If F. kept this to himself, maybe it would be the end. But, for argument’s sake, let’s say that F. decides to complain (certainly it wouldn’t take long to make sure the alarm isn’t set, certainly that wouldn’t increase the onus on the cleaning staff too much). And so, in this hypothetical, he leaves his room wearing his shorts and T-shirt, moves through the labyrinth of walkways and staircases that lead to more walkways and more staircases which give out on a dizzying array of buildings and rooms connected by walkways and staircases, until he finally, somehow, finds himself at reception (the structure itself a rather dramatic A-frame) and then inside at the front desk, where there is, unsurprisingly, no one. F. presses what looks like a doorbell set into the counter. And waits. And waits. And waits some more. And looks over at the nook where the continental breakfast is served, a continent, as it turns out, where everything has gone stale, a landmass made-up of the unchewable, a vast expanse of the indigestible. Pressing the doorbell again, F. can feel himself going stale, as if he were a pulverized pile of inedible Froot Loops dust, prepared to be buffeted mindlessly and absurdly by the winds like snow across Antarctica.
“Is there a problem, sir?” the clerk might say, after finally and mysteriously materializing.
“I’m afraid there is. I was sleeping peacefully when the alarm clock woke me up.”
“Did you set the alarm clock, sir?”
“Did I set the alarm clock? It’s 3:30 in the morning.”
“I don’t know what your … habits are, sir.”
“My habits? What’re you getting at?”
“I am not … getting at anything, sir.”
“Just the way you said habits made it sound like you thought I’d …”
“I didn’t say … habits in any particular way, sir. If you are feeling …”
“Never mind what I’m feeling. How could you let this happen? Is it so hard to …?”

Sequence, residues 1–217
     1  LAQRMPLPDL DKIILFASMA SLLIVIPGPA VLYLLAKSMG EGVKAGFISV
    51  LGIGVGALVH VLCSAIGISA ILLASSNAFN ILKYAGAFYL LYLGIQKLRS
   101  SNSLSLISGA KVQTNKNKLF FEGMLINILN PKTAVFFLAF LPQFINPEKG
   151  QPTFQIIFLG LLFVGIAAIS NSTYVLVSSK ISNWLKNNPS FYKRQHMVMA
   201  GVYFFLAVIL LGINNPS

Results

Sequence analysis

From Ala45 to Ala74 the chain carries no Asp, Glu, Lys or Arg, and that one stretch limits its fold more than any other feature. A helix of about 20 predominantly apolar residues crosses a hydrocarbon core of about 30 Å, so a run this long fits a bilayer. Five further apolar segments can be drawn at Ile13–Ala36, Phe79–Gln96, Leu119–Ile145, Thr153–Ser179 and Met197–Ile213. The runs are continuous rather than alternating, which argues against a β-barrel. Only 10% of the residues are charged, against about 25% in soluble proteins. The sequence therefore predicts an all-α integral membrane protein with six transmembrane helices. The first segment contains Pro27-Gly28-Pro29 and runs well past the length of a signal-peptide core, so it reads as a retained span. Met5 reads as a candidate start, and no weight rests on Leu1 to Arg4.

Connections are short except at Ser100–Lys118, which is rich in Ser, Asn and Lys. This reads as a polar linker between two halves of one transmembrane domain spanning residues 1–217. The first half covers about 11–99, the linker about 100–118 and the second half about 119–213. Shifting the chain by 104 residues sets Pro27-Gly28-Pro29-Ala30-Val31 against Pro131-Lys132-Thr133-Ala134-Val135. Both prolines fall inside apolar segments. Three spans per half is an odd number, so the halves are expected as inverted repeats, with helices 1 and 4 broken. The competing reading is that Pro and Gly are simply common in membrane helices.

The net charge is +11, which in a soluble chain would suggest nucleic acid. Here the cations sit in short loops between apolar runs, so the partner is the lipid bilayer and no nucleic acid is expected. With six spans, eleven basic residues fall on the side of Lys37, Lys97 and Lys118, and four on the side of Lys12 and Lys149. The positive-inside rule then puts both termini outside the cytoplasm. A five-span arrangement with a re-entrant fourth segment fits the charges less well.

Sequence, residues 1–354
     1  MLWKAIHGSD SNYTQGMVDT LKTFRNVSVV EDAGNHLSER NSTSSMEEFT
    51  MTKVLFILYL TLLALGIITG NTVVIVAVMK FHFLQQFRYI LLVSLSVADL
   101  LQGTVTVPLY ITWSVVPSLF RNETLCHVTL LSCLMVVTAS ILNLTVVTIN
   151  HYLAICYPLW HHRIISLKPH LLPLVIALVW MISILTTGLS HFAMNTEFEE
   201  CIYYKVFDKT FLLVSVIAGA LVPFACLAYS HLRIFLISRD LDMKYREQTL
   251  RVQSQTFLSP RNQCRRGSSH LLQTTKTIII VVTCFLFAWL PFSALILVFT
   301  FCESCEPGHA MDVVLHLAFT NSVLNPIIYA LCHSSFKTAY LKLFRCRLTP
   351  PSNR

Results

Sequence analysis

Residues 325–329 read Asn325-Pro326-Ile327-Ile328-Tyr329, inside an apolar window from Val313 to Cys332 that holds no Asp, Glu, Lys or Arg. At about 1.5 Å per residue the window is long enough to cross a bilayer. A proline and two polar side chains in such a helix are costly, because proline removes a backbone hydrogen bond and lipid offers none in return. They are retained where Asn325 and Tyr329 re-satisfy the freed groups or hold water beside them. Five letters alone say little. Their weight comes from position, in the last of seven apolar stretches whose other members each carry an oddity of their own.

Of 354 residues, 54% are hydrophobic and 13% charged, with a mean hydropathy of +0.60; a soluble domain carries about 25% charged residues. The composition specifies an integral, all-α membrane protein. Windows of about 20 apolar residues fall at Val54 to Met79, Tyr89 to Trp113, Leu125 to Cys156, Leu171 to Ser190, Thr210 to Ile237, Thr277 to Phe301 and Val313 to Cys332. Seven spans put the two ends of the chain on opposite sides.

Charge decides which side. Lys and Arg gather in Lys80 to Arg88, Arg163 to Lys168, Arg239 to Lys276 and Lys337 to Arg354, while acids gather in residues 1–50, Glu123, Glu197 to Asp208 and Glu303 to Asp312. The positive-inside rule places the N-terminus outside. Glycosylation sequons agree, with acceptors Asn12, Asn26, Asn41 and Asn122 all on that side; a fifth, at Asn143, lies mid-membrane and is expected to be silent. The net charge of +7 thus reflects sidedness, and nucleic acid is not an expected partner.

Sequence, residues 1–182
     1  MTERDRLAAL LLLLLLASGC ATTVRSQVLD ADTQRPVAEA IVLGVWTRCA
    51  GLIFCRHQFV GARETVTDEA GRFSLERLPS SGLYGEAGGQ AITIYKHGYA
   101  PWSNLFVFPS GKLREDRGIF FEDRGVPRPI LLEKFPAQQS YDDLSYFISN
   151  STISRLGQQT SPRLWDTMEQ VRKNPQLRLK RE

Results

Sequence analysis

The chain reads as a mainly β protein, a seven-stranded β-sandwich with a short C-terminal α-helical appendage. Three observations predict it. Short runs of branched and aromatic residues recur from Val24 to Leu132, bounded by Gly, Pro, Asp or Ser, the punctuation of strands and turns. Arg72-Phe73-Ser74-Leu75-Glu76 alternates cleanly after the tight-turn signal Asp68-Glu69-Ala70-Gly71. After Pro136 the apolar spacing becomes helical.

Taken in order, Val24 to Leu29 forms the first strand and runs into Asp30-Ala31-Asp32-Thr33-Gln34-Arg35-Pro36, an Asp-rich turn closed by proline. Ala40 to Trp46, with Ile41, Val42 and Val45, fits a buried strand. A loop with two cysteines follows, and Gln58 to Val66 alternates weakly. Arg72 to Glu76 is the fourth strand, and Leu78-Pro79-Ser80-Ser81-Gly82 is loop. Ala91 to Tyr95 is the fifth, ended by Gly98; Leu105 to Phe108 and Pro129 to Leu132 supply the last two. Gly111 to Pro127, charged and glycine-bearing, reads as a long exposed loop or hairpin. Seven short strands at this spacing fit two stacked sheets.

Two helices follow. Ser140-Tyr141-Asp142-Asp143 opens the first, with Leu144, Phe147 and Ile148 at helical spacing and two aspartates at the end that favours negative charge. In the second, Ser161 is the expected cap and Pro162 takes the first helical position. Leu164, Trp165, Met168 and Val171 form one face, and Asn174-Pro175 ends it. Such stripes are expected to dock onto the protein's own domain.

“I haven’t allowed anything to happen, sir.”
“I guess you’re fine with errantly set alarm clocks waking people up at ungodly hours all the time, huh?”
“This is the first I’ve heard of it, sir.”
“Well, it’s not the first time it’s happened to me!”
“Not here, elsewhere.”
“Oh,” he draws (or might draw) this out quite a bit. “I see, sir.”
“This happens to you. All. The. Time.”
“No! Not all the time. Sometimes, sure …”
“I am sorry, sir.”
“Are you apologizing for …?”
“I am sorry this has happened to you. Again. Whatever you have done to bring this …”
“I haven’t done …”
“Of course not, sir.”
“I mean, right? I haven’t done anything to deserve this … have I?”
“I don’t know your … habits … sir.”
Looking at the clock, F. decides it’d be best not to complain. In fact, he decides it’d be best to not talk about this, to never talk about this … again. He could only imagine what they’d think, what they’d do. So, yes, on this topic, silence … But then maybe they already know, maybe they’ve already come to the conclusion that this is deserved, or even that this chastisement lacks the necessary severity, that a greater punishment is needed, that even the agents they have sent are inadequate to exact the … Only, how could he tell if they know, how could he know that they know …? F. thinks of the labyrinth of walkways and staircases and dreams of escape. But there is none. His only hope is to pretend that nothing’s happened (though it has); his only hope is to act as if they don’t know (though they might). He must bear his burden privately, even if it tears him apart; he must operate with the knowledge that if his secret ever got out, the shame of it would certainly outlive him.